Thursday, July 21, 2011

Vedanta as means to know the Self

Any knowledge to take place must have three factors: the object to be known (prameya), the one who wants to know or the knower (pramata) and the valid means of knowledge (pramana). Knowledge itself is called prama.

Vedanta talks of the Self (Atman/Brahman) as ‘aprameya’ or unknowable, since it is not available as an object of knowledge. If the Self cannot be known thus what is the point in studying the scriptures then?

Just as we come to know through ‘pramanas’ of a lot of things that exist but which are so far unknown. Like a new disease, for example. Having discovered it we say the disease “is”. Then we hunt for its cause and then say the cause “is”. Then the treatment ‘”is”. The side effects “are”. So on and so forth.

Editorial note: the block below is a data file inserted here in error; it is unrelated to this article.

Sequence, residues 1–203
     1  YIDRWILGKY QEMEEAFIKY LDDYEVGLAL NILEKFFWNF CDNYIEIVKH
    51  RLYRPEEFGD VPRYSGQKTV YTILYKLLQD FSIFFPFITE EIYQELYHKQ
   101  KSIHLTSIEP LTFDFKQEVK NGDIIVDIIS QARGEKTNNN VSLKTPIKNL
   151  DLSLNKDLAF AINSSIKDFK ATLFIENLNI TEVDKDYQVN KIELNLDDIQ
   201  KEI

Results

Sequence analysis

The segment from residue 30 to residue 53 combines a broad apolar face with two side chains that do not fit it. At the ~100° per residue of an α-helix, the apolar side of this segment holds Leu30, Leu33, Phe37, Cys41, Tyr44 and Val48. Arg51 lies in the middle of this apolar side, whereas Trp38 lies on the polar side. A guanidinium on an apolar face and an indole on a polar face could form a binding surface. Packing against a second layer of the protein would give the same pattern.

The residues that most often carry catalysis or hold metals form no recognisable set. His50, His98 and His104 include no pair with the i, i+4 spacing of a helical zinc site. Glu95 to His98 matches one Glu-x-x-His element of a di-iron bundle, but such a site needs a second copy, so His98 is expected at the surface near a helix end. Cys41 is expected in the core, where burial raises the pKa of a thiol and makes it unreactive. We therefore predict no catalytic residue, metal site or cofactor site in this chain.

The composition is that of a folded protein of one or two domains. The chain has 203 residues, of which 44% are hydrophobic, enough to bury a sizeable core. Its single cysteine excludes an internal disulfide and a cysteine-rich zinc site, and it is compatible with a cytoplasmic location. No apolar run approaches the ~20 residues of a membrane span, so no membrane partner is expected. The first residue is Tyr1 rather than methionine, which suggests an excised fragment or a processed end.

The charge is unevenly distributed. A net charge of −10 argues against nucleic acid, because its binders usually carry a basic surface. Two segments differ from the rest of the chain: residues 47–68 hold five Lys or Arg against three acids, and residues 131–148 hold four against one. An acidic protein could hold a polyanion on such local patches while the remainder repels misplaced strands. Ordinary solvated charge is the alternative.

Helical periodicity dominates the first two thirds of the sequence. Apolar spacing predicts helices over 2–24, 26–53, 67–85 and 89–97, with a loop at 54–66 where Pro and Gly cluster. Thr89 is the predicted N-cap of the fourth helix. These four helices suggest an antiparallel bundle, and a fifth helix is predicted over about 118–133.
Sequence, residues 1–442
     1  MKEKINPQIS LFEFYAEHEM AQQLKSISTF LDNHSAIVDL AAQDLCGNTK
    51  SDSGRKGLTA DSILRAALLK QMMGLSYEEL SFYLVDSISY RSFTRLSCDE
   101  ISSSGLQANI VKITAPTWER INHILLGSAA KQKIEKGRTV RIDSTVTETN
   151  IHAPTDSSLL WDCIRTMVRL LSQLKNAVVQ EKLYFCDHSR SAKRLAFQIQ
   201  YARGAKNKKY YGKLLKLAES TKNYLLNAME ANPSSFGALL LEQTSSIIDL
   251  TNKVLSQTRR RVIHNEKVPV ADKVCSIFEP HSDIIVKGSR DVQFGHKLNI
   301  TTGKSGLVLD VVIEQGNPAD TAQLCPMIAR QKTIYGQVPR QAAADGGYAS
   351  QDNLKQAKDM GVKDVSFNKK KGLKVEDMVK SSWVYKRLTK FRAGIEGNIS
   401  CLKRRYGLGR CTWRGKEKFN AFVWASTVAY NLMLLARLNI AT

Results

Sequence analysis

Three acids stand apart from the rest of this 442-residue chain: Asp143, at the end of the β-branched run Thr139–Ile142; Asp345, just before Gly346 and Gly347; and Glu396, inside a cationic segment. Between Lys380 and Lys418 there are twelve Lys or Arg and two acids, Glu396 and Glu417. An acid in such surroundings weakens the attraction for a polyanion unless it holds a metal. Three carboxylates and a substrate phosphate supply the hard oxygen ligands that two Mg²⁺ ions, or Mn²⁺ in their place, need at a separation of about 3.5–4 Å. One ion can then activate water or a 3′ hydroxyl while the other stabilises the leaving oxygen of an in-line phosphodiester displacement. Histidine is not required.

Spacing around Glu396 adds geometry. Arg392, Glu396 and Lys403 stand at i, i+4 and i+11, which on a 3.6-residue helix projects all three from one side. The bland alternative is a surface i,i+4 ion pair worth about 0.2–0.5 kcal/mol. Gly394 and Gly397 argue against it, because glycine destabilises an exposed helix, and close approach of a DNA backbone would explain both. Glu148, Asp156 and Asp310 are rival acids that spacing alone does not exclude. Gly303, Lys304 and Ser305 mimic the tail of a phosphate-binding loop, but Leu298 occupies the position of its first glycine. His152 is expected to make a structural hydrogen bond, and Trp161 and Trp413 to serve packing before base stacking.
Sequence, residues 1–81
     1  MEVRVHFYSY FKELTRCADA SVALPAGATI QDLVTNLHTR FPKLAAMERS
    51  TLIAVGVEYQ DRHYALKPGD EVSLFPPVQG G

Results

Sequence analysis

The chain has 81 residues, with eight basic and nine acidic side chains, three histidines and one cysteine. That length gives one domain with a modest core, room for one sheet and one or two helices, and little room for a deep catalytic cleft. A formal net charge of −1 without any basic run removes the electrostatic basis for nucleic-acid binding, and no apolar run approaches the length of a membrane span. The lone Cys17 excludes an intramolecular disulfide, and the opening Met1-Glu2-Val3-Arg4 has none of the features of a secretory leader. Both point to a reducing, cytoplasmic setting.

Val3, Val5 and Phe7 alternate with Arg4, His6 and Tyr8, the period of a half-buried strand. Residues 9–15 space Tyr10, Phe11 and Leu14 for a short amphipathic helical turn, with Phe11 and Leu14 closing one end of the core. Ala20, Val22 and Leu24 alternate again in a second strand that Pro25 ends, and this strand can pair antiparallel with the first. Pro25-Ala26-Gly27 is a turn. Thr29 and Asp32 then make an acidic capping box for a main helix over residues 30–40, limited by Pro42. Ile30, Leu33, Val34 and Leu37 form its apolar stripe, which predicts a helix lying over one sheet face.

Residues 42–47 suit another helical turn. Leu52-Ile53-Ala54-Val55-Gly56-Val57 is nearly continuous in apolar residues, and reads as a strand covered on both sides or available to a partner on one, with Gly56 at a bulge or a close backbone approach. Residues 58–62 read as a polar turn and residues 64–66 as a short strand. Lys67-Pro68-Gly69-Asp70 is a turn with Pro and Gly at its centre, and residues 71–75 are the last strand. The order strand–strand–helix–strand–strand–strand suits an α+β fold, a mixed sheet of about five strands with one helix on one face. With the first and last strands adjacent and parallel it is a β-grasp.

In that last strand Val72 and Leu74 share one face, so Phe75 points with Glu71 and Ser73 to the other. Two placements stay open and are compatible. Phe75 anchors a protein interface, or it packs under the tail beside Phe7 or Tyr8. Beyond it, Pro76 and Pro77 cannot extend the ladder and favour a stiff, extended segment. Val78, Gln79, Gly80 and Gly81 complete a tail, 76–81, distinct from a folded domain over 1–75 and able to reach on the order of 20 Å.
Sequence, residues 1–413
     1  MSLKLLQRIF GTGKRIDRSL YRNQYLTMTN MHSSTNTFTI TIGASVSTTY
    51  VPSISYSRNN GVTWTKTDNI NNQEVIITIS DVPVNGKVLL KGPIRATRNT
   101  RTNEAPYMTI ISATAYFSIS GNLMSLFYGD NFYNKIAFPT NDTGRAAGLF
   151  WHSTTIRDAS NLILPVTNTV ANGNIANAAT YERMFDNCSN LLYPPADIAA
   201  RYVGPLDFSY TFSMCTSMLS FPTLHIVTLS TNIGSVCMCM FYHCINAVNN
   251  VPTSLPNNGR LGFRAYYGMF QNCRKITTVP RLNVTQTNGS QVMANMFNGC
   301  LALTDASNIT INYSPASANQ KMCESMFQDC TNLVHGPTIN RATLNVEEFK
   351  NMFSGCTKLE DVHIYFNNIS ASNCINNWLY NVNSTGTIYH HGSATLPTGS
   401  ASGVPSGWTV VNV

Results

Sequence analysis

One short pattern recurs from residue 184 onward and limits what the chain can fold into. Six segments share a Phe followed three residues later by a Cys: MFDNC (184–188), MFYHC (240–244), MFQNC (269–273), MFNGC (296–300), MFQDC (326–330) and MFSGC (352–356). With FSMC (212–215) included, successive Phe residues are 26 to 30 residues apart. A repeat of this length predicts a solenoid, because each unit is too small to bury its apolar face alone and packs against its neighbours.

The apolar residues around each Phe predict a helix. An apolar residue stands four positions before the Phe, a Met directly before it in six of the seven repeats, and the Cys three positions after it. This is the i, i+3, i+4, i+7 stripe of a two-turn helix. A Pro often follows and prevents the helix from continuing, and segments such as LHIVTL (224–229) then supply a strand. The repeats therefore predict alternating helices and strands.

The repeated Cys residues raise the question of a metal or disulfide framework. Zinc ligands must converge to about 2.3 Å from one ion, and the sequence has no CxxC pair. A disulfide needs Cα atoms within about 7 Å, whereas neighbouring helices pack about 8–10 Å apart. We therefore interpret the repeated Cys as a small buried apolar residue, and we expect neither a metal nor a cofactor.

The Self is not available as an object of knowledge but it is not totally unknown. “I am” and “I know I am” is self-evident, self established/svatah-siddhah. Everyone’s Self "is" and that is already established only then can study of Vedanta or an inquiry into the Self be undertaken. Vedanta cannot establish the Self nor can any Guru/God. Vedanta has the status of a ‘pramana’ because it removes the wrong notions about the Self.

The Shastras/scriptures bring into our recognition something that already is, maybe totally unknown to us before. It removes all the superimpositions/projections we build upon the Self in ignorance. The knowledge in the scriptures is nothing but removal of ignorance. If ignorance is not removed there is no knowledge at all. Ignorance and confusion centered on the Self is there and the scriptures have the capacity to remove them.

1 comment:

Merging Point said...

so true! two ways to go about. This reminds me of Sankara's style, "Neti, Neti"...what remains would speak for itSELF!!